Annihilation is the first book in a trilogy about agents of a clandestine government agency exploring a forbidden territory.
Annihilation is a parable about personal identity, epistemological frustration, and the elastic boundaries of human consciousness.
Annihilation is a short novel structured around themes of exploration, control, and survival. The principal character and narrator, identified only as “the biologist,” is simultaneously de-personalized and carrying out a deeply personal agenda regarding her lost husband. She is part of a small team which experiences catastrophic internal conflict, and she encounters phenomena of evidently non-human origin that are overwhelmingly exotic. The book defies genre, but I might class it as mystical horror, with some science fiction and espionage tropes.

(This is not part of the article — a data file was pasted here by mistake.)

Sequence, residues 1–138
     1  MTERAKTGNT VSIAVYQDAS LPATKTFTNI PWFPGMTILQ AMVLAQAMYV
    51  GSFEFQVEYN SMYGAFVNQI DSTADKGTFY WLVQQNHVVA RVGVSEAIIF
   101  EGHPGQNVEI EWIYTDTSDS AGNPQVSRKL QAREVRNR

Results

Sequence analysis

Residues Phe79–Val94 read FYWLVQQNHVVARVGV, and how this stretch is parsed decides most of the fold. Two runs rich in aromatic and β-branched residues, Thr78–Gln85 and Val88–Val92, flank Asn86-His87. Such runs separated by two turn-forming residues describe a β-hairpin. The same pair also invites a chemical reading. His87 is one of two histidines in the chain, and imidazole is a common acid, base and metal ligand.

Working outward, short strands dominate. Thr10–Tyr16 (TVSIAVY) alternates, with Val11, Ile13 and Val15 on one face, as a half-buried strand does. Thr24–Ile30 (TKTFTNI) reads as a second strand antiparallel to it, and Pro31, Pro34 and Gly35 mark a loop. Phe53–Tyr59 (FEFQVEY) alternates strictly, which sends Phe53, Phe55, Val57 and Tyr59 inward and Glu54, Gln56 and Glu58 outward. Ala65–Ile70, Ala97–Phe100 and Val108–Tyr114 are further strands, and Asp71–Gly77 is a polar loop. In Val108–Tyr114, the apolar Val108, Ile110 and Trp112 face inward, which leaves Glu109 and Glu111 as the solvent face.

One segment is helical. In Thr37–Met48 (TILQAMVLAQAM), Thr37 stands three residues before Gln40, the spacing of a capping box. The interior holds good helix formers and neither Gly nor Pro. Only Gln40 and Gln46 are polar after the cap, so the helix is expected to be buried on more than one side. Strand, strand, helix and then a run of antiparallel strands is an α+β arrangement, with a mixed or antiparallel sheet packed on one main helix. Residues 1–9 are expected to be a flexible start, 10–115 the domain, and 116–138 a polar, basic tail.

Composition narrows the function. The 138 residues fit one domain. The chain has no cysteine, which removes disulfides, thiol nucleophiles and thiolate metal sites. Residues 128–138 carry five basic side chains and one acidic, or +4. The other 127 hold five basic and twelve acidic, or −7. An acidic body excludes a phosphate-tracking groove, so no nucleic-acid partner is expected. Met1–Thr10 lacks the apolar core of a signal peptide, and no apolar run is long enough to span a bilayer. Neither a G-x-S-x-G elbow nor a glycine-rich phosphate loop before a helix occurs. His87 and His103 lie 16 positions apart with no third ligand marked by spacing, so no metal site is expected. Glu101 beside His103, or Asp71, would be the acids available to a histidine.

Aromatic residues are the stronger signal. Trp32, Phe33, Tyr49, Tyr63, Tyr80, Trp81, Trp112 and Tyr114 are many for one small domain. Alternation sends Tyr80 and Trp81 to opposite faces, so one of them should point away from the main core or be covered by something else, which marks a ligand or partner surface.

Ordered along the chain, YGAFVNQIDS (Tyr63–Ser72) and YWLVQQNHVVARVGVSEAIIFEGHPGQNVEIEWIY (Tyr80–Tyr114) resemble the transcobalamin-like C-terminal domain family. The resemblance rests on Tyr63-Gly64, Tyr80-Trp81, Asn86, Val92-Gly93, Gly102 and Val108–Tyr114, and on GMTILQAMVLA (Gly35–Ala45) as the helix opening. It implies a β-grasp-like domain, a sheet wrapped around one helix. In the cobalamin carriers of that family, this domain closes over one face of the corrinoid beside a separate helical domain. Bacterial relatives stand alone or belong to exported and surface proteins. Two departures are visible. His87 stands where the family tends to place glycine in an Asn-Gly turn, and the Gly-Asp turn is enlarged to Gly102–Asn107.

Despite the obvious differences, Jeff VanderMeer’s “Area X” and the “Kefahuchi Tract” of M. John Harrison’s novels (Light, etc.) have more than a little in common. The infection/mutation of characters and their ambivalent encounters with transcendent power are in both cases oriented toward a mysterious region of putatively non-human influence. Protagonists have all-too-human motives working themselves out in shockingly inhuman contexts. VanderMeer’s prose is less writerly than Harrison’s, but it is efficient and engaging, and both manage the sort of impressionistic feat of bringing the reader to identify with the crucial ignorance of the characters, who are themselves not terribly sympathetic in their traits and histories.
I enjoyed this book and intend to read its two sequels. [via]